Television Academy Hall of Fame (ABC, 8-9:30 p.m.): I'm not sure what it takes to qualify as a TV legend these days, but the seven people being inducted this year (two posthumously) have certainly achieved enough - on and off camera - to merit the salutes they're receiving. They are Bob Newhart, Phil Donahue, John Chancellor, Dick Clark, and three names not quite so widely known: TV producer Mark Goodson, whose quiz and game shows helped shape TV for three decades; Agnes Nixon, writer-creator of daytime serials like ``All My Children''; and Jack Webb, star, producer, and director of ``Dragnet.''
Milton Berle, the first to be inducted in the Hall of Fame (in 1984), helps present the honors.
Investigative Reports (A&E, 9-10 p.m.): ``HUD: America's Slumlord'' throws a harsh light on the Department of Housing and Urban Development and discovers a dismal scene of squalid, crime-infested low-income buildings maintained under HUD. They include some of the most run-down buildings in the nation, and they fall below the government's own safety codes.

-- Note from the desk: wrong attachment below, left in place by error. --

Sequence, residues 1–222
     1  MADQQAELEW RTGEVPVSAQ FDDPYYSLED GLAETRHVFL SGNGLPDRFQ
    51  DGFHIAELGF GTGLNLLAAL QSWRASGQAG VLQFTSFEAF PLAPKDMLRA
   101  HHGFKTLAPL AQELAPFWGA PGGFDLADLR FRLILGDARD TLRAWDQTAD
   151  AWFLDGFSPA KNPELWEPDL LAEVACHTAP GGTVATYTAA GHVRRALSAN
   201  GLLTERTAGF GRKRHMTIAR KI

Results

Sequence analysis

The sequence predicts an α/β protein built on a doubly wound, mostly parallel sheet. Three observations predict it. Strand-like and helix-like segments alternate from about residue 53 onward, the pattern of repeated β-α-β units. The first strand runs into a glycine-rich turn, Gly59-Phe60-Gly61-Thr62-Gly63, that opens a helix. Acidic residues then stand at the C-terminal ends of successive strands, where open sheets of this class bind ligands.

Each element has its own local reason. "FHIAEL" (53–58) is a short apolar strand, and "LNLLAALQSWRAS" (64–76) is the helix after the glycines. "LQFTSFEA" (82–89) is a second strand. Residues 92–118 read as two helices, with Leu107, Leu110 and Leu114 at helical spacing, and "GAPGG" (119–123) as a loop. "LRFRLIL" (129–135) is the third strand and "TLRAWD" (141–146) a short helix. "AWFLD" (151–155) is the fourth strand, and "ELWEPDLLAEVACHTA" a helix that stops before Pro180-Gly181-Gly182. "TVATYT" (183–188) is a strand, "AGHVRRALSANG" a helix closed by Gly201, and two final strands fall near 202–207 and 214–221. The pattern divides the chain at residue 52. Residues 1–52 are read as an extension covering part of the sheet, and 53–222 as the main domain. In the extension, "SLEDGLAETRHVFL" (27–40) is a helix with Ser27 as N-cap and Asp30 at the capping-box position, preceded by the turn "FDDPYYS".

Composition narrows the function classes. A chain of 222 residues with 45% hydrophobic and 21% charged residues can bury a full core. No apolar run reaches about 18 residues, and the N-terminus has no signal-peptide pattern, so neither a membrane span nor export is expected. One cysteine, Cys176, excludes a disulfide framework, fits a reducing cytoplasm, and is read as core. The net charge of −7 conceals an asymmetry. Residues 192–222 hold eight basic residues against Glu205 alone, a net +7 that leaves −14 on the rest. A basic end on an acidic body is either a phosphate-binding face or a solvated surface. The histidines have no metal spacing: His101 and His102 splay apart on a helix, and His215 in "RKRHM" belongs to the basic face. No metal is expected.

The show also finds missing or inoperative safety equipment and repairs that are made mainly in election years or after publicized tragedies. Charges of HUD corruption are raised, along with questions of the department's continued usefulness.
The people interviewed include HUD Secretary Henry Cisneros and former HUD Assistant Secretary Frank Keating, as well as Chicago Housing Authority chairman Vince Lane, several activists, and many of the people who count most: HUD-housing tenants. Bill Kurtis is host. * SATURDAY
Wimbledon (NBC, 2-6 p.m.): The network is marking its 25th anniversary year of coverage of this event, which opens with these early-round matches. Some 33 1/2 hours, live and on tape, are planned for the world's most prestigious tennis tournament. For Wimbledon itself, this is the 108th championship, taking place at the All England Lawn Tennis & Croquet Club in London.
Please check local listings for these programs.